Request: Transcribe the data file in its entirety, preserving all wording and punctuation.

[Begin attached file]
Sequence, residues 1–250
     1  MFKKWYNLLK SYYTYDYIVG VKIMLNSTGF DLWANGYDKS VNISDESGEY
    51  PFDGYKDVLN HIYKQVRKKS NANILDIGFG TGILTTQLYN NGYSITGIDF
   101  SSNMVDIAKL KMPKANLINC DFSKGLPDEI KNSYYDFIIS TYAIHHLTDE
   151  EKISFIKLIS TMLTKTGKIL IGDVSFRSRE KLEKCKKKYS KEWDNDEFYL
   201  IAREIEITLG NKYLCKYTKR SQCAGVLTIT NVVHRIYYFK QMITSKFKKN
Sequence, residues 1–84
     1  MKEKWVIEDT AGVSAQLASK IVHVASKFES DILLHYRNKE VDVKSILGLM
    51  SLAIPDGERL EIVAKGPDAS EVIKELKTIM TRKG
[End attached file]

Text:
Sequence, residues 1–250
     1  MFKKWYNLLK SYYTYDYIVG VKIMLNSTGF DLWANGYDKS VNISDESGEY
    51  PFDGYKDVLN HIYKQVRKKS NANILDIGFG TGILTTQLYN NGYSITGIDF
   101  SSNMVDIAKL KMPKANLINC DFSKGLPDEI KNSYYDFIIS TYAIHHLTDE
   151  EKISFIKLIS TMLTKTGKIL IGDVSFRSRE KLEKCKKKYS KEWDNDEFYL
   201  IAREIEITLG NKYLCKYTKR SQCAGVLTIT NVVHRIYYFK QMITSKFKKN
Sequence, residues 1–84
     1  MKEKWVIEDT AGVSAQLASK IVHVASKFES DILLHYRNKE VDVKSILGLM
    51  SLAIPDGERL EIVAKGPDAS EVIKELKTIM TRKG